Fascinating observations from Mars reported in this weeks edition of Science
AbstractWhat this means is that at some point in its history, Mars had flowing water with enough power to transport rocks and turn them into pebbles. Pebbles are formed as rocks rolling along in water knock against each other, wearing away any irregularities on their surface to make them smooth and rounded.
Observations by the Mars Science Laboratory Mast Camera (Mastcam) in Gale crater reveal isolated outcrops of cemented pebbles (2 to 40 millimeters in diameter) and sand grains with textures typical of fluvial sedimentary conglomerates. Rounded pebbles in the conglomerates indicate substantial fluvial abrasion. ChemCam emission spectra at one outcrop show a predominantly feldspathic composition, consistent with minimal aqueous alteration of sediments. Sediment was mobilized in ancient water flows that likely exceeded the threshold conditions (depth 0.03 to 0.9 meter, average velocity 0.20 to 0.75 meter per second) required to transport the pebbles. Climate conditions at the time sediment was transported must have differed substantially from the cold, hyper-arid modern environment to permit aqueous flows across several kilometers.
The pebbles on Mars have been there long enough to have become incorporated into concretions formed over time from the sand particles they were deposited in.
This has major implications for young-earth creationists who desperately cling to the biblical myth that Earth was created simultaneously with the rest of the Universe between six and ten thousand years ago and everything in the Universe was created exactly as we see it today.
One of their favourite claims is the Earth must have been specially and intelligently designed because it occupies the 'Goldilocks zone' around the Sun where water can exist in each of its three physical states - solid (ice), liquid (water) and gas (water vapour). Creationists claim that the probability of Earth occupying just this 'narrow' band around the Sun is vastly unlikely. This of course ignores the fact that life has evolved on Earth because Earth has the conditions for it to have evolved, and that it fits the conditions on Earth like a hand in a glove because that's what evolution by natural selection causes, as is explained by the Theory of Evolution.
Flowing water on Mars means these conditions existed there at some time too, so widening the 'Goldilocks zone' to include the orbit of Mars and so giving the lie to Creation pseudo-scientist calculations that the 'Goldilocks zone' is very narrow. In fact, the occurance of water in its three physical states on Earth are largely because of Earth's geology and meteorology - mass/gravity, atmosphere, atmospheric pressure, etc - just as when they existed on Mars it was due largely to Mars's geology and meteorology not Mars's distance from the Sun.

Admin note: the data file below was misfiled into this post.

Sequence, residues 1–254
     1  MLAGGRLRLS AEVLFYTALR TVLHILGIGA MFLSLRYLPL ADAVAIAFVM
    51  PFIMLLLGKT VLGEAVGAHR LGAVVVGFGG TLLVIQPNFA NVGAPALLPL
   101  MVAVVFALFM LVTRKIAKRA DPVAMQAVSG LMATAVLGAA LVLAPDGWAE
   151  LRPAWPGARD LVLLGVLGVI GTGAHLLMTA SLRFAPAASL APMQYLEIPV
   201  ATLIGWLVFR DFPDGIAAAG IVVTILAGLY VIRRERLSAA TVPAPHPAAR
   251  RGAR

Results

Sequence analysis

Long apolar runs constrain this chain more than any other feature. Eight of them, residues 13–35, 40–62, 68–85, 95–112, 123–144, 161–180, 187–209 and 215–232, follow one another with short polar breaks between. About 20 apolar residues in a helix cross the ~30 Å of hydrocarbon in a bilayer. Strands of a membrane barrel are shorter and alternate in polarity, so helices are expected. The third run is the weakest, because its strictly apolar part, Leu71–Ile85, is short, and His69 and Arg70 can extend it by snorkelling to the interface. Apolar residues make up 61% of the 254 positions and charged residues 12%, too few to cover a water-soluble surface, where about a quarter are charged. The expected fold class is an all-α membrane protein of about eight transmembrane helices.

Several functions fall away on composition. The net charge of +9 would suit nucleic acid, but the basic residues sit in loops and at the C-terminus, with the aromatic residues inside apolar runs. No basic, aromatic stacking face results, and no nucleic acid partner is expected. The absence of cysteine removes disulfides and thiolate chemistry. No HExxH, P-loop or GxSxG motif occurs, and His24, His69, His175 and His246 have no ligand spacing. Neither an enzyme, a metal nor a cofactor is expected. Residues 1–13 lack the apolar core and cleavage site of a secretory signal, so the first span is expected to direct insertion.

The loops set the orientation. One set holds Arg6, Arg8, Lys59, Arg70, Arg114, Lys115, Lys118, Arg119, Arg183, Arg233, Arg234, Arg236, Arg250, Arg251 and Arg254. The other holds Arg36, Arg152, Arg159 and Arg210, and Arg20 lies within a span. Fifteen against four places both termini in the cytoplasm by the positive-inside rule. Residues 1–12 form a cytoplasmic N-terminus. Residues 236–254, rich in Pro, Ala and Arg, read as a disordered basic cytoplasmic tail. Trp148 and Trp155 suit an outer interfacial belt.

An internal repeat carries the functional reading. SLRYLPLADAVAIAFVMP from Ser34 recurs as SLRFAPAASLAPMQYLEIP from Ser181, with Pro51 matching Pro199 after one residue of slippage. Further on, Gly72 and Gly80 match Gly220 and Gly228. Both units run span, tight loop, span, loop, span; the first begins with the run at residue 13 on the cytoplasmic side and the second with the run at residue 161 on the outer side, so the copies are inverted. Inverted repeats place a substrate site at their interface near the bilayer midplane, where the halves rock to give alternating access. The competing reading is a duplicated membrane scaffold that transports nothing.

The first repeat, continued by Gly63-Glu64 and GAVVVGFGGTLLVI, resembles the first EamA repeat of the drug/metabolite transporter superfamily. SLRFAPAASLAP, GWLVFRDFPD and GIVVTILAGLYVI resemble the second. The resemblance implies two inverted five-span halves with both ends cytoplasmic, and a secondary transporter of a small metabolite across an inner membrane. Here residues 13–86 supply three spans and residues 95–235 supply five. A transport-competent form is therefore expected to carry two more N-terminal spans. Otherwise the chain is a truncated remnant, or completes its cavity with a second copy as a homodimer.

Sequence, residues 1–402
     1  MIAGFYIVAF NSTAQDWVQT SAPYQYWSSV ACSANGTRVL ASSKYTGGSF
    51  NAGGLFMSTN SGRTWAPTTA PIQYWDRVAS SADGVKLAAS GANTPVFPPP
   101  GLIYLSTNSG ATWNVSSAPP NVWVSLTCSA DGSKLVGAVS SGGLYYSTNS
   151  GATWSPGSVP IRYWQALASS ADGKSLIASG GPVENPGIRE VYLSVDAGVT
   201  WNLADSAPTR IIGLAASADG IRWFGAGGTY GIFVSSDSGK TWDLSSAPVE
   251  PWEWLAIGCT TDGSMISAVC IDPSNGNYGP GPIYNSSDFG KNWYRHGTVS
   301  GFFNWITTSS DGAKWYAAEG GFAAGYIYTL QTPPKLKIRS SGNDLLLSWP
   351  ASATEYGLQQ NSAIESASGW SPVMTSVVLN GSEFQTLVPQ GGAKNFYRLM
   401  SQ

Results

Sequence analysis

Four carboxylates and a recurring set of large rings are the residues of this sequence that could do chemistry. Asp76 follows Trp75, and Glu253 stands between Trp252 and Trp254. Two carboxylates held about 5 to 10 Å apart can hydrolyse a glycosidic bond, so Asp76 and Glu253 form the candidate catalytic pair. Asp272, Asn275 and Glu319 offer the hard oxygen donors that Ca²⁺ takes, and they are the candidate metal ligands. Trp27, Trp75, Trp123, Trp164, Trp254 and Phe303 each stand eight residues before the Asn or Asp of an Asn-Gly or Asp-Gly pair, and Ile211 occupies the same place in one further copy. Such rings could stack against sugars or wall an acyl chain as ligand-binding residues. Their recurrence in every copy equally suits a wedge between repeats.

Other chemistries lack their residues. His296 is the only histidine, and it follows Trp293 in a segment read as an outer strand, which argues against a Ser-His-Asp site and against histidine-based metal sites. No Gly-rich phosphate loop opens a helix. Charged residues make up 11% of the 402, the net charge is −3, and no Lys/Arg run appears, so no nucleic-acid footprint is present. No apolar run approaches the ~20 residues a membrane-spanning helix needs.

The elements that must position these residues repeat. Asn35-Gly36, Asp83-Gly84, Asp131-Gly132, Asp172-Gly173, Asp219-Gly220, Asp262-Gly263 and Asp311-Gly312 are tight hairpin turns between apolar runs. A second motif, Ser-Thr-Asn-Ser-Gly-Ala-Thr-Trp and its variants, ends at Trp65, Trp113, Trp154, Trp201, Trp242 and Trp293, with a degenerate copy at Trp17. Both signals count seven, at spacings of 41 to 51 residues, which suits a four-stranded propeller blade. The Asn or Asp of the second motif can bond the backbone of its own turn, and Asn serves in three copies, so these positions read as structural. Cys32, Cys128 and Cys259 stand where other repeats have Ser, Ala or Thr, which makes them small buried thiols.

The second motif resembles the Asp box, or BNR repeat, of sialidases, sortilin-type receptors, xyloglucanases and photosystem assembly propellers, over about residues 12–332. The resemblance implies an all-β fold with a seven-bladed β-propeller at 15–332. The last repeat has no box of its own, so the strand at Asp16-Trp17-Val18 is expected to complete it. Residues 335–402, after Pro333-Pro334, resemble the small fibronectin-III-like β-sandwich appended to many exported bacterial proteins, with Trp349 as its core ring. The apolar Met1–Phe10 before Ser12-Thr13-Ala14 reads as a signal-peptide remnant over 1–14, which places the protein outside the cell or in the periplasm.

The existence of pebbles, which do not form over night, and, more importantly their inclusion in concretions of sand particles, formed with "minimal aqueous alteration" (i.e. after the water had either evaporated due to Mars's low gravity and thin atmosphere, or had become locked up in subterranean permafrost, speaks of a very old Mars, and certainly one more than a few thousand years old. This evidence for liquid water also raises the possibility of the Creationists' nightmare scenario of simple life having evolved on Mars. The search for that continues...
Creationists try to explain away deposits such as these on Earth as due to the Noachin Flood, sent by their god in a fit of temper, to kill all living things because of their 'wickedness'. Do they suppose a similar flood once killed all living things on Mars too, but their god didn't tell a Martian to build an Ark?
Or maybe the Flood reached up higher than the highest mountain on Earth and deluged the inner planets too, but avoiding the Moon which shows no such signs of flowing water.
I dare say one of their 'brilliant scientists' can explain it all...
Don't laugh. It isn't nice.
Martian Fluvial Conglomerates at Gale Crater
R. M. E. Williams, J. P. Grotzinger, W. E. Dietrich, S. Gupta, D. Y. Sumner, R. C. Wiens, N. Mangold, M. C. Malin, K. S. Edgett, S. Maurice, O. Forni, O. Gasnault, A. Ollila, H. E. Newsom, G. Dromart, M. C. Palucis, R. A. Yingst, R. B. Anderson, K. E. Herkenhoff, S. Le Mouélic, W. Goetz, M. B. Madsen, A. Koefoed, J. K. Jensen, J. C. Bridges, S. P. Schwenzer, K. W. Lewis, K. M. Stack, D. Rubin, L. C. Kah, J. F. Bell III, J. D. Farmer, R. Sullivan, T. Van Beek, D. L. Blaney, O. Pariser, R. G. Deen, and MSL Science Team
Science 31 May 2013: 340 (6136), 1068-1072. [DOI:10.1126/science.1237317]
Life's a Beach: Rover Finds Mars Pebbles; Ian O'Neill, 31-May-2013.
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